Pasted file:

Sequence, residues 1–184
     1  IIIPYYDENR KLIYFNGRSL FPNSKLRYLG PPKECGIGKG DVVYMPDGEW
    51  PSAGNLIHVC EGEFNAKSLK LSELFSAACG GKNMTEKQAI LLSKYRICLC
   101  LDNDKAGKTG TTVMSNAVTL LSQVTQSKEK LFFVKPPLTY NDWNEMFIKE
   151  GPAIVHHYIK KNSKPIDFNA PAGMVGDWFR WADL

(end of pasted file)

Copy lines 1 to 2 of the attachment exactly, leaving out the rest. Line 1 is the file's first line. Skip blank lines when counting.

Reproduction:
Sequence, residues 1–184
     1  IIIPYYDENR KLIYFNGRSL FPNSKLRYLG PPKECGIGKG DVVYMPDGEW